Free Press, 29 October 2018
History Carries On
Francis Fukuyama wrote in 1989 that we’d reached the ‘End of History.’ The communists had lost, we won, and a mutually reinforcing combination of free markets and liberal democracy would end the intrigue, conflict, and sheer barbarism that made up human history. This month, Fukuyama wrote a giant mea culpa in Foreign Affairs that can be read online here.
That Was Then
Nobody has celebrated the liberal order more than ACT. Our founders created it in New Zealand, and here it has worked. Even the current Government continues to accept this. It legislated for the TPP in Parliament just last week (see David Seymour getting stuck into the Greens, who opposed it, here). For New Zealand at least, being a free trading liberal democracy with free markets and social tolerance (with exceptions that the Free Press has mentioned once or twice) has worked.
This Is Now
The problem is that our friends around the world are not playing ball. President Xi is concentrating power around the Communist Party to Maoist levels at home and China is increasingly imperialistic abroad. The Brazilians are about to elect a president who thinks having a daughter is a ‘moment of weakness,’ amongst other bigotry. America is turning its back on free trade. The Philippines have a president who’s not too fussed with the rule of law. South Africa is imploding, and we won’t mention Russia.
What Does Fukuyama Say?
Identity politics is to blame. The left gave up helping poor people years ago. The welfare state has failed those it was supposed to help but for the left it is all too hard. Their bizarre opposition to charter schools is just one local example. Instead the left have focused on an ever-fragmenting range of victims and interest groups. Currently, Parliament is legislating to allow you to change your gender by signing a form while Oranga Tamariki (CYFS) is putting up 14 year old kids with foetal alcohol syndrome unsupervised in Dunedin hotel rooms.
Not Just the Left
The right are prone to identity politics, too. They may not be into extra rights for LGBTIQ+, persons of colour, persons with ‘lived experience’ (what other kinds are there?), women, the disabled, or people who ‘experience’ multiple of these identities through ‘intersectionality’. Their identity is that they’re the people left who are opposed to all of the above. Around the world the old Labour parties are haemorrhaging votes to nationalist type parties. Had it not been for the political phenomenon that is Jacinda Ardern, New Zealand First might have done much better in the 2017 New Zealand election.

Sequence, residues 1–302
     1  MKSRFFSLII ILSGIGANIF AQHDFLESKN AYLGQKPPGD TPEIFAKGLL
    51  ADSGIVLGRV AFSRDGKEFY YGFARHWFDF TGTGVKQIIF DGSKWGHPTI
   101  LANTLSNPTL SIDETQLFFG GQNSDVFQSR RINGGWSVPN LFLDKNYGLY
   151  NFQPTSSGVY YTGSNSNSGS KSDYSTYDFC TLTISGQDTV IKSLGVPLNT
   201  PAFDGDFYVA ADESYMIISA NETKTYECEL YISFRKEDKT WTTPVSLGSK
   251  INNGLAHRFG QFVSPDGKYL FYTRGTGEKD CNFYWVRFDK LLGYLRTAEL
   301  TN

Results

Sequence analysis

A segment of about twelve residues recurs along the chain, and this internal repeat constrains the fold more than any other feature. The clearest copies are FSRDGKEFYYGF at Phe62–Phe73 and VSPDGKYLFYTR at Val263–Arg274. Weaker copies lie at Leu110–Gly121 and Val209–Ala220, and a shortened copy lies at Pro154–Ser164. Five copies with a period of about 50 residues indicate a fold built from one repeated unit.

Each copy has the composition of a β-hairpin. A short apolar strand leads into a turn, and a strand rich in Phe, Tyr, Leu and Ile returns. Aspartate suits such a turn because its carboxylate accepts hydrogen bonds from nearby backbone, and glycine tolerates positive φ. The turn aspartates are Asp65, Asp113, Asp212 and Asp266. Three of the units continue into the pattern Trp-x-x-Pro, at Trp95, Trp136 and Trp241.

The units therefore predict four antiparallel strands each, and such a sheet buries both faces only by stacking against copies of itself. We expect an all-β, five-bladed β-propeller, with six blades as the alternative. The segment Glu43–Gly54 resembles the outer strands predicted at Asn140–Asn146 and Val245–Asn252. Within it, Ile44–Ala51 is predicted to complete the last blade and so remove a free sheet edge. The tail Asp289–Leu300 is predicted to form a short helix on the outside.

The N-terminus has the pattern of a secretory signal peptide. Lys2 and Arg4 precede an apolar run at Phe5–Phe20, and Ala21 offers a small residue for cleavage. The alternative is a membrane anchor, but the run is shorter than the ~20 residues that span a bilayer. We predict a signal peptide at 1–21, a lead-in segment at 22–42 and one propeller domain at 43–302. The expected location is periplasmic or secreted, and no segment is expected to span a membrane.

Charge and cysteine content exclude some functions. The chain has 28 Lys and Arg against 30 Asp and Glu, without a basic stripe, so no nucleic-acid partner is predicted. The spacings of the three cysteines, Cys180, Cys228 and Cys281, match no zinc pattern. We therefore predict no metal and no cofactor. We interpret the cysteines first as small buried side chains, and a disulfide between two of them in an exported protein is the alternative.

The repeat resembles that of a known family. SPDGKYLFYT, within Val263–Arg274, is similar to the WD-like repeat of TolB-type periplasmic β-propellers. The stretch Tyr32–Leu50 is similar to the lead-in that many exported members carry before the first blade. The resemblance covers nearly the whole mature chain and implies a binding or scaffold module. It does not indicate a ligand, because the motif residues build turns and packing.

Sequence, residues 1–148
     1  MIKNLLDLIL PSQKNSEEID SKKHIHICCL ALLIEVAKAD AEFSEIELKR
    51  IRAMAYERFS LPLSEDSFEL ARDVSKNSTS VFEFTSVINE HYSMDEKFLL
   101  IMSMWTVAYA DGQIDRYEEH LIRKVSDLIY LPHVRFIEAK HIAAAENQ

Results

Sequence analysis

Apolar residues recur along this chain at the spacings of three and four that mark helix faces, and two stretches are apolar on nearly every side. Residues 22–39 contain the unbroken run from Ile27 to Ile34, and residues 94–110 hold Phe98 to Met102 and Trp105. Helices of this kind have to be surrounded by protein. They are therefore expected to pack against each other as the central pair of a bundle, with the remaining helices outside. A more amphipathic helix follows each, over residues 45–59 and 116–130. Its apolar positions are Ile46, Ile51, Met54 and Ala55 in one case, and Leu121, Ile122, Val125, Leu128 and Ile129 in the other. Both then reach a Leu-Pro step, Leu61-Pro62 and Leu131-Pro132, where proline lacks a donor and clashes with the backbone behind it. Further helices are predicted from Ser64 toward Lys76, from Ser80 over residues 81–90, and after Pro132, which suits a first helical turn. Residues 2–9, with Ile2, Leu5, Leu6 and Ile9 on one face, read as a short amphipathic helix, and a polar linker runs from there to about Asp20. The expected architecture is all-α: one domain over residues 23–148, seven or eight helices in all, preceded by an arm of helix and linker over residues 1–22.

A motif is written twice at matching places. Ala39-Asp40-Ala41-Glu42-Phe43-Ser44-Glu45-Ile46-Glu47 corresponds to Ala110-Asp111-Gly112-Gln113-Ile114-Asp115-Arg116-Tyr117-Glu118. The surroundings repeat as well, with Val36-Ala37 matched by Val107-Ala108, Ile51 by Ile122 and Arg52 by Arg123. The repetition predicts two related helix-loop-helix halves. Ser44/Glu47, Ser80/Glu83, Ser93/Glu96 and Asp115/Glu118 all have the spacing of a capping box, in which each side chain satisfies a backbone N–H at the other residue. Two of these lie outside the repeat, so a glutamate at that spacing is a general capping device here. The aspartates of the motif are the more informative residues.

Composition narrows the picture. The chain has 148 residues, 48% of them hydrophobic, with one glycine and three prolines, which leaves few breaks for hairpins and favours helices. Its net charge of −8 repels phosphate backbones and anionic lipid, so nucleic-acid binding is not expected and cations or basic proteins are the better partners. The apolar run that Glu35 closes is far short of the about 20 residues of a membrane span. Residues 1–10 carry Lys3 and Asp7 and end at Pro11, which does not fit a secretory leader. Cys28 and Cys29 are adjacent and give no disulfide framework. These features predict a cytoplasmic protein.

What’s Your Identity?
BMG Research out of the UK have interviewed 30,000 voters and identified 10 subtribes or ‘clans’ that all voters fit into. It is a lot more rigorous than local tests and, unlike most overseas ones, it doesn’t have many issues that are obviously irrelevant to New Zealand. Most ACT members that have taken the test are either ‘Orange Bookers’ or ‘Notting Hill Society.’ Feel free to take the testand send your result as a reply to this email.
Another Kindred Voice
The Economist has come to similar conclusions as Fukuyama in its well circulated essay ‘the Economist at 175, reinventing liberalism in the 21st Century.’ It seems that economic policy has gone out of vogue in favour of identity politics, and it is terrifying. The 19th century was relatively peaceful as a time of free trade and growing prosperity, then the 20th century happened. We appear to be back on the downstroke of this cycle.
Ahead of Our Time
The Economist and Fukuyama both endorse ACT’s New Zealand Values Statement, the idea that people who want to join New Zealand should sign up to the liberal values of individual freedom and social tolerance. They both observe that if we want the peace and prosperity Fukuyama promised thirty years ago, it is going to require concessions to the nation state (e.g. Make America Great Again), while celebrating liberal values at the same time. The usual tedious folks all did their usual affected snigger when ACT talked about this policy two years ago, we were just ahead of our time.
A More Important Mission
The left’s abandonment of real policy makes ACT’s mission more important than ever. We were founded as the party with new solutions to old problems. We showed the left up when charter schools helped the most disadvantaged kids. There is a lot more where they came from. How can we empower the most vulnerable in our society to get a better deal instead of just giving them more money and making more rules to protect them from themselves? Clearly not with the government monopoly approaches we’ve tried for the last 80 years.
Economics Ain’t Dead Yet
New Zealand’s real problems are not identity politics, no matter what the left may think. They are that the welfare state has failed. Too many kids don’t get educated. Too many working aged adults are on welfare. Too many are in jail because there is too much crime and they’re never rehabilitated. Housing has gone from a commodity to a ponzi scheme. Our productivity growth is anaemic. With government's and councils’ approach to regulation, it’s amazing anyone still does anything. That’s why we need an ACT Party in New Zealand.